Not a single week goes by without a discussion in the media and the blogosphereabout data privacy in large companies and governments, a sign that the han-dling of privacy is becoming a center of attention for the global society of theweb. To the usual clamor of abuses by data aggregators, marketing companiesand other institutions, there is now an increased focus on the fact that, whilethird parties
signiﬁcantly proﬁt from buying and selling consumers’ data, theindividuals whose data is being traded do not get paid at all. The upcoming IPOof Facebook has rekindled the discussion on whether users should beneﬁt fromthe data they generate (Bilton, 2012; Streitfeld, 2012).
And more generally,there is in principle no reason why third parties should not pay the individualsfor the use of their data (Zax, 2011; Andrews, 2012).In a number of settings, it is of the utmost importance for the buyer of thedata to obtain an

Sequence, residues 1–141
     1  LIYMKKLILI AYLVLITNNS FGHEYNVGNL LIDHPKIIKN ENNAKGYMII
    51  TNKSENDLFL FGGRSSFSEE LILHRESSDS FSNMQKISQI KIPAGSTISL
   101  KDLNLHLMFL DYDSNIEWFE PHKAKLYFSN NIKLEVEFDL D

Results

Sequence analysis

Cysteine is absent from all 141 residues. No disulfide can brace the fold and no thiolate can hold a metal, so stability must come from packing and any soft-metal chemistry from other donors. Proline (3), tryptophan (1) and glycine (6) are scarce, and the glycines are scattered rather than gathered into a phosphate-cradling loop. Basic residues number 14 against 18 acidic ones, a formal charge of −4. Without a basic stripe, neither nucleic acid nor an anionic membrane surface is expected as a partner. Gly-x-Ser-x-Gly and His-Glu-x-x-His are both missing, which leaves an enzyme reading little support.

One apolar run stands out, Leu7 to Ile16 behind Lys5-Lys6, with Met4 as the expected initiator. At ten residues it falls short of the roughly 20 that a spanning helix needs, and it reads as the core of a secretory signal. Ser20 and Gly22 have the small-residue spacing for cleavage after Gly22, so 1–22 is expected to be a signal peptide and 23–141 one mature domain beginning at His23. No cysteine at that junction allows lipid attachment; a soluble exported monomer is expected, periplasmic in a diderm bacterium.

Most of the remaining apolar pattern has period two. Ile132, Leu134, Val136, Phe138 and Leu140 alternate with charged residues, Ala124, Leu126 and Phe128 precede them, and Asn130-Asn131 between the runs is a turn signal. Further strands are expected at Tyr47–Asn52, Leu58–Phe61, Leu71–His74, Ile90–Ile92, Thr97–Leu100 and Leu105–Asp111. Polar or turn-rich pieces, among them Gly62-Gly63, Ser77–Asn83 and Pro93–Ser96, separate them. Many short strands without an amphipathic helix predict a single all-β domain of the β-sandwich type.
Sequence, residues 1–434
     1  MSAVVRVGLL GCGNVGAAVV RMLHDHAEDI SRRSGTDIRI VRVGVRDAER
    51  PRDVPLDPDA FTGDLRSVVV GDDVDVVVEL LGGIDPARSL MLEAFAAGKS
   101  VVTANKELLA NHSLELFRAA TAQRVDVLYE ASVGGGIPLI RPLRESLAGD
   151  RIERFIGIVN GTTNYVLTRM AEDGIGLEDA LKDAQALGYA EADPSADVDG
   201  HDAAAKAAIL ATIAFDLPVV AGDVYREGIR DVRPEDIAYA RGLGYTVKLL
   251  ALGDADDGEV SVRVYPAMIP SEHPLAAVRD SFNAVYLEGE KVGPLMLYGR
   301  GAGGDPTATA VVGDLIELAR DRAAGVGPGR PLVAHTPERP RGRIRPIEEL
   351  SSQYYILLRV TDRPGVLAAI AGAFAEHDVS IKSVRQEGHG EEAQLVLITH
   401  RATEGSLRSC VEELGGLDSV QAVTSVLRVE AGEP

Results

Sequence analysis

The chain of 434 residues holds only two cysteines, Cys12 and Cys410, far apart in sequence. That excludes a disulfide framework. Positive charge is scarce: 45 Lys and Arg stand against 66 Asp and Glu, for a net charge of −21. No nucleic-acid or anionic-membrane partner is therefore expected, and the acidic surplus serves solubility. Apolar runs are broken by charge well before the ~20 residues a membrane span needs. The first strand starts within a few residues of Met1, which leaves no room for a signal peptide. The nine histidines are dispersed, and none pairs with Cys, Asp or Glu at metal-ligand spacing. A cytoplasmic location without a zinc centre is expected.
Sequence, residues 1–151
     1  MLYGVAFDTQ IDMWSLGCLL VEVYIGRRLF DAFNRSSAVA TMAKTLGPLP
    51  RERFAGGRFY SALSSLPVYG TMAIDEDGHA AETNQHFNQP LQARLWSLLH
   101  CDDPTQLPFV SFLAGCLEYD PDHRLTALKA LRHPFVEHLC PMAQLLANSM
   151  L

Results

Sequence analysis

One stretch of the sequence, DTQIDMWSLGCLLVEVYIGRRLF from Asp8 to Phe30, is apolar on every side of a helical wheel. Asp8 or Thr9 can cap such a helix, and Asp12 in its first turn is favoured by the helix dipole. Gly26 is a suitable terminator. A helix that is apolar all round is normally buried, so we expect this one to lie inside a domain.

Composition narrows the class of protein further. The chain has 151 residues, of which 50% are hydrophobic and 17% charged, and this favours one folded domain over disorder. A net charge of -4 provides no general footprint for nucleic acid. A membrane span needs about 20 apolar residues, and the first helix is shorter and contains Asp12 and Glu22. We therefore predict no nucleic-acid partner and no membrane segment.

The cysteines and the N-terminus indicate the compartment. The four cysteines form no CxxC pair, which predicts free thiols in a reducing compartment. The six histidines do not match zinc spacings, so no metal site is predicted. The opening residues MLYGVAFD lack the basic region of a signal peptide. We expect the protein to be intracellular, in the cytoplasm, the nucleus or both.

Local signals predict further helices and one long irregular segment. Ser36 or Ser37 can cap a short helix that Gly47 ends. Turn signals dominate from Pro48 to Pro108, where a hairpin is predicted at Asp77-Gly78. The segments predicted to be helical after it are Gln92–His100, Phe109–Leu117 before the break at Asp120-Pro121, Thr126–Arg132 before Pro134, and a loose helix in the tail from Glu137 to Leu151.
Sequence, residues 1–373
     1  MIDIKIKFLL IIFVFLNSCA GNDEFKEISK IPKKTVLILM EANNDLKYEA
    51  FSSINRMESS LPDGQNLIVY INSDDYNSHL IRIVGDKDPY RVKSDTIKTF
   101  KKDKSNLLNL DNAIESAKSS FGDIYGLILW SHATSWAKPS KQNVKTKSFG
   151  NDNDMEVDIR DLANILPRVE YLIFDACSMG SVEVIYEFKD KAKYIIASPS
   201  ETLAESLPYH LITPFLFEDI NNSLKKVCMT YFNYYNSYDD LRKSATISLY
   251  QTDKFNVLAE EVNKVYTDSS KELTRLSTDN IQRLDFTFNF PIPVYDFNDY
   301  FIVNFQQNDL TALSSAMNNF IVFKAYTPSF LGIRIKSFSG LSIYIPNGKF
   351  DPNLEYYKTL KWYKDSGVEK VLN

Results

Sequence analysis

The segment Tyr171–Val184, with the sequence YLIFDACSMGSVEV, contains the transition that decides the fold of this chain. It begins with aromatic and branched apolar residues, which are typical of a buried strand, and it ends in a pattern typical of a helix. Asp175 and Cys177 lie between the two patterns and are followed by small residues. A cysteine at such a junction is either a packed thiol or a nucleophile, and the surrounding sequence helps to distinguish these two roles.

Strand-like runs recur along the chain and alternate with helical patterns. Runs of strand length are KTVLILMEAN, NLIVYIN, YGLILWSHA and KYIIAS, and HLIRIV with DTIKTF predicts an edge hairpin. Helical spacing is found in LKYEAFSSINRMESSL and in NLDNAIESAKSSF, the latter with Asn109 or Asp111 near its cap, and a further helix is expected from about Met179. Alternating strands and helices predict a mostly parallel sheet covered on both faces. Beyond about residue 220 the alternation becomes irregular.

sample of individuals with certain characteristics;otherwise the results of his study may not be credible. This is usually thecase for social, educational, and biomedical studies (e.g., Khan et al., 1996).For instance, a pharmaceutical company might be interested in obtaining anunbiased sample of a certain demographic that have a certain disease and use agiven drug.In order to make feasible the payment to individuals for the use of theirdata, we design a market that consists of an intermediary (the market-maker)who facilitates the interactions between those interested in buying access tounbiased samples of certain data (the buyers) and the individuals to whom thedata correspond (the sellers). Such a market is consistent with today’s reality,whereby it is easier to obtain information from a third party than from theindividual himself (Gellman, 2009).Early suggestions for markets for private data did not specify how to set ap-2